Coutinho’s Brazilian panache drives red revival at expectant Anfield
Liverpool’s €10m purchase represents smart business
“I’ve not had the chance to play United yet. But from what I have been told about the history between the clubs, it’s even more passionate and stronger than the Milan derby.
“Football is more disputed in England than it is in Italy. Every match is a very hard match because the referee doesn’t blow his whistle as much as in Italy and every team plays against each other like it is a final. I enjoy it more in England because you have to think quicker. The pace of the game is faster so you don’t have much time to think.”
Fulcrum of attack
The Liverpool manager handed Coutinho the responsibility of the No 10 shirt when he arrived in January and sees his future as the pivotal point of the team’s attack, hence the desire to sign a left winger before Monday’s transfer deadline. The one reservation over Coutinho so far has been the ability to impose himself against the stronger teams of the Premier League, with anonymous displays against Chelsea and Tottenham last season ending in substitution.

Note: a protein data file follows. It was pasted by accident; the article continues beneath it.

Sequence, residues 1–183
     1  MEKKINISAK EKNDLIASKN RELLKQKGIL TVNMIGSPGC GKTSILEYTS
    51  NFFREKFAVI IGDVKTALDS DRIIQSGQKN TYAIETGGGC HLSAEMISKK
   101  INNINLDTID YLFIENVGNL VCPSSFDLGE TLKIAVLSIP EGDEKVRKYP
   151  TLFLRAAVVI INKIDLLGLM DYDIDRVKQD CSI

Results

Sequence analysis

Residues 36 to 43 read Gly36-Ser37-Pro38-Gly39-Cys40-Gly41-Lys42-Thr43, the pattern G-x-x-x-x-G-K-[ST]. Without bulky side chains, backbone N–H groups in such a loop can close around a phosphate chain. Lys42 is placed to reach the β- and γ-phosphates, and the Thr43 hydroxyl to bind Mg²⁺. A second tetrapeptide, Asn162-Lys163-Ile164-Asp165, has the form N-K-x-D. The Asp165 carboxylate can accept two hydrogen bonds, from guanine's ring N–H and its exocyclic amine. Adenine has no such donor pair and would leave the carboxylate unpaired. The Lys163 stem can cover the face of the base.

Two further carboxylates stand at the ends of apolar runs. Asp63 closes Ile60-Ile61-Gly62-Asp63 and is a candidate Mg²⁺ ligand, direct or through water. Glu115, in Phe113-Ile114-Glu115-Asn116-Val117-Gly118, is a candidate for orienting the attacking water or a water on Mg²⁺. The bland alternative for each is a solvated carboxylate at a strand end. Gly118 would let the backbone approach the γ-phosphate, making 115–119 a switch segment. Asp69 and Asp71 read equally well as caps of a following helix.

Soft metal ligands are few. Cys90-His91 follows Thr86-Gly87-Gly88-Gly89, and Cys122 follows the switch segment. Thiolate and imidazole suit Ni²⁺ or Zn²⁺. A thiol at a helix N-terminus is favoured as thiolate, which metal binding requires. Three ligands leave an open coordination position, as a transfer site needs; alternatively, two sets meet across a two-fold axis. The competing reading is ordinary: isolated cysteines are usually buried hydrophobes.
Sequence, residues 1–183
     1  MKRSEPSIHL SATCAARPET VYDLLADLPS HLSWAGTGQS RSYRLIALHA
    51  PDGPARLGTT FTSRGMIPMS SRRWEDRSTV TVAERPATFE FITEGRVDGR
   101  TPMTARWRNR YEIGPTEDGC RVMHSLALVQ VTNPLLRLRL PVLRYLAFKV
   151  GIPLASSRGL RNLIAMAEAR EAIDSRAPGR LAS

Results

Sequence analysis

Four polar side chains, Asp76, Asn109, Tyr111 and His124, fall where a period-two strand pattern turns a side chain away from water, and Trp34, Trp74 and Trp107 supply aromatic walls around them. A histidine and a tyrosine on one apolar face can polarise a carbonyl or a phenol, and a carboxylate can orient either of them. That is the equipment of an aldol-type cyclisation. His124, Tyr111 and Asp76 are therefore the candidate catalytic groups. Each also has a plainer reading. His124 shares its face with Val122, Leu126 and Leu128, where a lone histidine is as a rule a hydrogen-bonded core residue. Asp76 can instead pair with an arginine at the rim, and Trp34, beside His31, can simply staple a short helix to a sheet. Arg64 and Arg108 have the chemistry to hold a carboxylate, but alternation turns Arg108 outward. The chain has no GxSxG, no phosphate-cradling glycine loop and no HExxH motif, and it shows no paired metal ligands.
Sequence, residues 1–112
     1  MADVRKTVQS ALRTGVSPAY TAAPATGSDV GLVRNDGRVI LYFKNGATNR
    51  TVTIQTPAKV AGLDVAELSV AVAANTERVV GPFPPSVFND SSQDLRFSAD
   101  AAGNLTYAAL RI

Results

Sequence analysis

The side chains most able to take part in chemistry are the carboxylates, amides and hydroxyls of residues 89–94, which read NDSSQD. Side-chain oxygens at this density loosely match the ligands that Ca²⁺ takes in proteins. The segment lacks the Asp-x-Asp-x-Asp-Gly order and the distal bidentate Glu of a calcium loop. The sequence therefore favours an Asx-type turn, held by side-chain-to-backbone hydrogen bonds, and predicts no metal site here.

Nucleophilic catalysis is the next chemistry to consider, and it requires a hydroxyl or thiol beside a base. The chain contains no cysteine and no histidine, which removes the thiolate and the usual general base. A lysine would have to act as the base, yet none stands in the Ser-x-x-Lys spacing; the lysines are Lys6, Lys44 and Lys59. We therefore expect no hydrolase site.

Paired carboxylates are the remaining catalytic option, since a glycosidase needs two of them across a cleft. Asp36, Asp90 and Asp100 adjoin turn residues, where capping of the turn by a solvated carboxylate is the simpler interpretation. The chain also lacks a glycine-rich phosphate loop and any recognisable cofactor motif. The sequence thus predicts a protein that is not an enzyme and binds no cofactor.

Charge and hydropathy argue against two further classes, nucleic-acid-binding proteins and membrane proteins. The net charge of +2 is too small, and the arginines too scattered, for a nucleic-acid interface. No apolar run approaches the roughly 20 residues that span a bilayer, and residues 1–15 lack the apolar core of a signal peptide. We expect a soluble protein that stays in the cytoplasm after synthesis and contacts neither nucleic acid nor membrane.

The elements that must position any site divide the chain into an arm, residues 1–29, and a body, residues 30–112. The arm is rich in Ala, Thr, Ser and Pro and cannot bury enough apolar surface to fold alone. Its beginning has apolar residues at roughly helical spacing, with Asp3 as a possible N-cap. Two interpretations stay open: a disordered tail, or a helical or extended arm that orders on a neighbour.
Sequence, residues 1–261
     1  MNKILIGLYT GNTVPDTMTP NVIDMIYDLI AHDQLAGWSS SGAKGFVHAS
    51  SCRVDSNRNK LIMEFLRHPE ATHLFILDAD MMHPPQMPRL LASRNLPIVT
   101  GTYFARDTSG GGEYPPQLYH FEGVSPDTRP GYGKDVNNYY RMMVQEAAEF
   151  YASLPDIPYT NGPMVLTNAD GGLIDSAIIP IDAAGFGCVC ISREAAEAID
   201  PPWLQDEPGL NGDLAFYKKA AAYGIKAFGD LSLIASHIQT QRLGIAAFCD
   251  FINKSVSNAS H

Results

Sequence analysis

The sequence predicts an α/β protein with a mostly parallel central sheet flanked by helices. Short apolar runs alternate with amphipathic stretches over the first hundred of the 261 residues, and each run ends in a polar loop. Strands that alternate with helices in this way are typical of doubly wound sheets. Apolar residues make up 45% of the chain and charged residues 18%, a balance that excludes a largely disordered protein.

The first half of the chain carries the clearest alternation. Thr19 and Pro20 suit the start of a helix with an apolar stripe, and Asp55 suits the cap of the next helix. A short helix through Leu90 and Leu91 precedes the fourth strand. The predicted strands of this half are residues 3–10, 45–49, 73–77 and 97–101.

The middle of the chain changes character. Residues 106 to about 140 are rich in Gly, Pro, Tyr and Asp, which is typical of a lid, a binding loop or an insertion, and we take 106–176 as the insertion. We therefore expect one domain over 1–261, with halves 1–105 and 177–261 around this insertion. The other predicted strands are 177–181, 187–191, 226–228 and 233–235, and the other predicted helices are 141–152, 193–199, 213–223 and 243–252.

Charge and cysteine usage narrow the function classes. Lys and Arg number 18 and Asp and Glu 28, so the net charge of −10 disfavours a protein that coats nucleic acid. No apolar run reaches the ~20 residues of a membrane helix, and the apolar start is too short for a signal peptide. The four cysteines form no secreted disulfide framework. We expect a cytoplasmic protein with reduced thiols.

He accepts the criticism.
“I know that last season against Chelsea I did not do as well as I should but that’s all in the past now,” he says. “It’s a new season and I think it will be different for me this time. That Chelsea game was very intense, all the players were close to each other and I found it hard to get into the rhythm of the game. Now I have had the experience, I know what to do to be prepared for matches like this and play better. That’s what I aim to do.”
The signings of Coutinho and Daniel Sturridge helped elevate Liverpool’s form from January onwards last season, with the pair establishing an instant rapport that has demonstrated the Brazilian’s ingenuity with a pass and the striker’s accuracy with the finish. Despite a few problems with the language barrier, it is a relationship that also flourishes off the pitch.
“Daniel is an excellent player and always makes his runs at the right time,” says Coutinho.
“I think he’s similar to a Brazilian player because he is so quick with the ball at his feet. He has the qualities to be a Brazilian player . . . He is always looking to teach me things to help us combine better on the pitch, but in English. Last week he did it against Aston Villa. Once Luis is back – and I think he is at the same level as Neymar – he and Daniel will help us a lot.”